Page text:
‘Simple but better approach’

Bruchhaus discusses challenges facing ‘struggling’ schools

<p>Superintendent Karl Bruchhaus speaks at the first “What’s Going On In Calcasieu Parish Schools” forum hosted by the Lake Charles branch of the NAACP. </p><a href="mailto:news@americanpress.com"> Special to American Press </a>

<p class="p1">The Lake Charles branch of the NAACP hosted its first “What’s Going On In Calcasieu Parish Schools” forum featuring Superintendent Karl Bruchhaus on Monday. The Rev. J. L. Franklin, chapter president, designed the forum to be an “open dialogue” between the superintendent and members of the community.

<p class="p1">Bruchhaus began the forum with a three-part presentation concerning school accountability, current district initiatives and continuing challenges facing the district.   

<p class="p1">He provided structure and definition to the factors that contribute to school and student performance. He addressed school letter grades and state mandated testing.  For students in grade 3-8 taking the LEAP 2025, he said the state is actively “raising the bar,” noting that “mastery” level performance is the new standard for success.

<p class="p1">The current initiative he focused the most on during the forum was a “simple but better approach” concerning the 13 CPSB schools that have been deemed by the Louisiana State Department of Education as “persistently struggling.” Bruchhaus said that focusing on core subject literacy and teacher/leader development is a major part of the “simple” approach. 

<p class="p1">Lack of certified teachers and literacy problems are two continuing challenges for the district. Bruchhaus said CPSB hires about 150 teachers a year but in the past five years McNeese State University has graduated fewer and fewer teachers. He said the spring graduation shows only 45 teachers entering the workforce.<p><span>Superintendent </span>Karl Bruchhaus</p><a href="mailto:news@americanpress.com"> Special to American Press </a>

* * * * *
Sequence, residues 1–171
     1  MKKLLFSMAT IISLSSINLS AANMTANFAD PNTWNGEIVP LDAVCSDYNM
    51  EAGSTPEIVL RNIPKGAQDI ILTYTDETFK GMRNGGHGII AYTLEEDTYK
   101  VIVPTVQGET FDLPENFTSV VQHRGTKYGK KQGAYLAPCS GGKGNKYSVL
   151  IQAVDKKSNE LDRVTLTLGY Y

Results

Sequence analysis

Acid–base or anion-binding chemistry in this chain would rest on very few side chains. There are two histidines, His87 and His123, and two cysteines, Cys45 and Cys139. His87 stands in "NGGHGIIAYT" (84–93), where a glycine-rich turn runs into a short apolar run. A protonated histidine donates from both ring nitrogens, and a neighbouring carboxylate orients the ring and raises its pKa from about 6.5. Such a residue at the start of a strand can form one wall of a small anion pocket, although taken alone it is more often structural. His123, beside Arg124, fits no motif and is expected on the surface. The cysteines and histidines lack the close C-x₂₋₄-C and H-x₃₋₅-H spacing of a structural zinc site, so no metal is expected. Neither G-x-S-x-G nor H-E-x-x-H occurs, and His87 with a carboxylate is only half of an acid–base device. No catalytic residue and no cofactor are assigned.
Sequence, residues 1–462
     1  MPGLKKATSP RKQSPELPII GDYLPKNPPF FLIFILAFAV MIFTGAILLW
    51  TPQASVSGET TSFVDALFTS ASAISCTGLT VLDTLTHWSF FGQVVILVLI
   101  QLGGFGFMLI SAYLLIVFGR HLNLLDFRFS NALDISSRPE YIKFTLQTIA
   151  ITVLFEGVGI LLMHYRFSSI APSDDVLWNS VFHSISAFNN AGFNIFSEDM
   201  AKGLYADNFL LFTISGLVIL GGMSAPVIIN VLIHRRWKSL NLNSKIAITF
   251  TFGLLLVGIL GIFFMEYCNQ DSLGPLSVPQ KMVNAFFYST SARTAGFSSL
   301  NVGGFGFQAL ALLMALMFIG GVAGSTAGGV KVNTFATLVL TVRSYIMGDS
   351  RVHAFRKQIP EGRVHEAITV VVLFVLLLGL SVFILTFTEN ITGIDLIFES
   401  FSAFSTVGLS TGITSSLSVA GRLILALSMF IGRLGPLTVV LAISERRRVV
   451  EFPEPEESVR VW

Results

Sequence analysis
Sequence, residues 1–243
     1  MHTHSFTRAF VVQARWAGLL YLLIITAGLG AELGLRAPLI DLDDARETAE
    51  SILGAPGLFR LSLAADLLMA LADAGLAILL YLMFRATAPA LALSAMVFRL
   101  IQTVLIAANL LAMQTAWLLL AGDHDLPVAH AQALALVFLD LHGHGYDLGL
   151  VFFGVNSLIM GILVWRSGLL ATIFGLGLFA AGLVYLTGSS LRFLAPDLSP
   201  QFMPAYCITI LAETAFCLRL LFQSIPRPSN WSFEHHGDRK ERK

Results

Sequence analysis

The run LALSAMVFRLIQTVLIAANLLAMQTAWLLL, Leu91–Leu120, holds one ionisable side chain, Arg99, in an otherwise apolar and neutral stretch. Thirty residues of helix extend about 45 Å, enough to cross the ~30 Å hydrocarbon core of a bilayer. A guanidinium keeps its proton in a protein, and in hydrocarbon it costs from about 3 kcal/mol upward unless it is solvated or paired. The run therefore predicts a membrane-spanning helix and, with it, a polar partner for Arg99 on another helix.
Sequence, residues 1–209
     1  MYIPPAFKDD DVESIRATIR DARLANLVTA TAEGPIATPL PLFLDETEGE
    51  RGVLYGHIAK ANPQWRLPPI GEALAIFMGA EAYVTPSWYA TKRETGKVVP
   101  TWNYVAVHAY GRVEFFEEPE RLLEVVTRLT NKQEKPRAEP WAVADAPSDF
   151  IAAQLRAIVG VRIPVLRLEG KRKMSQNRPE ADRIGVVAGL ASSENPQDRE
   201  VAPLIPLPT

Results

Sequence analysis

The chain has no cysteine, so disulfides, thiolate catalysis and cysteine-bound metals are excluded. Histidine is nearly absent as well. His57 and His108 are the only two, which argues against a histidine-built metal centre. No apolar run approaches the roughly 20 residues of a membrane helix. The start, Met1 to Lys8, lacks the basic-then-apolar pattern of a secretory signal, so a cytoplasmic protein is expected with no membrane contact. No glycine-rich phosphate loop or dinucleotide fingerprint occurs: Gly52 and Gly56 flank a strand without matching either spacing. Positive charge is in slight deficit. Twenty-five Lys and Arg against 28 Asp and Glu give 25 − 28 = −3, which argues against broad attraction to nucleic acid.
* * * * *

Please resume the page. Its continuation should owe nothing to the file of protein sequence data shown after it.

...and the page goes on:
<p class="p1">In addition to the higher standards on state testing, the language of the test has changed considerably. Now students who struggle to read have difficulties not only on the english portion of the test but also on the math, science and social studies portions because reading is embedded into all of the subjects, said Bruchhaus. 

<p class="p1">At the close of his presentation, questions were taken from the audience. Audible sounds of agreement could be heard when Rev. Franklin asked Bruchhaus, “Why aren’t the strongest teachers going to the weakest schools?”  Bruchhaus referenced his earlier comments about actively working to employ certified teachers. Applause erupted concerning desegregation when Bruchhaus said the district is not yet “unitary.”  Though all students are offered similar educational opportunities, Bruchhaus said, they are often seen as inconvenient because of course locations.  “Amens” were heard throughout the church when Bruchhaus acknowledged discipline as an issue of concern for the district. He agreed that keeping students out of school isn’t the best answer but admitted, “I can’t tell you we have the answer.” Bruchhaus called on the community to partner with families and schools saying, “It’s not up to just the teacher!”

<p class="p1">When questioned about the validity and potential success of his plans Bruchhaus said, “We have to have faith in our children. As long as I’m in this profession, I’m not going to lose that faith and I don’t want you to either.”  

<p class="p1">A guest of the forum said that while she was pleased with the efforts of the district, “They’re not in the miracle working business. The whole community has to be on board.”  Another guest added, “Yes, they can implement it, but it takes everyone to carry it out.”

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